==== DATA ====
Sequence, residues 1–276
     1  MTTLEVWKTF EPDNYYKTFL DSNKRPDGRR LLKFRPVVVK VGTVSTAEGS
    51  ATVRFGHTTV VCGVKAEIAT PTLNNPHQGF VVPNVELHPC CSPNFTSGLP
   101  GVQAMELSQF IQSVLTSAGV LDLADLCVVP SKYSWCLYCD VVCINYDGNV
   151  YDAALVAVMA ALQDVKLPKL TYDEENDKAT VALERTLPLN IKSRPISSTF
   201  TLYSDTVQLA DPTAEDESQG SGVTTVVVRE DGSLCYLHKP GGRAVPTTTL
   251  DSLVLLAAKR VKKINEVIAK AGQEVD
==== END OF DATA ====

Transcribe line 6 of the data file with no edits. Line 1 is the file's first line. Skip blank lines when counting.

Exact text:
   201  TLYSDTVQLA DPTAEDESQG SGVTTVVVRE DGSLCYLHKP GGRAVPTTTL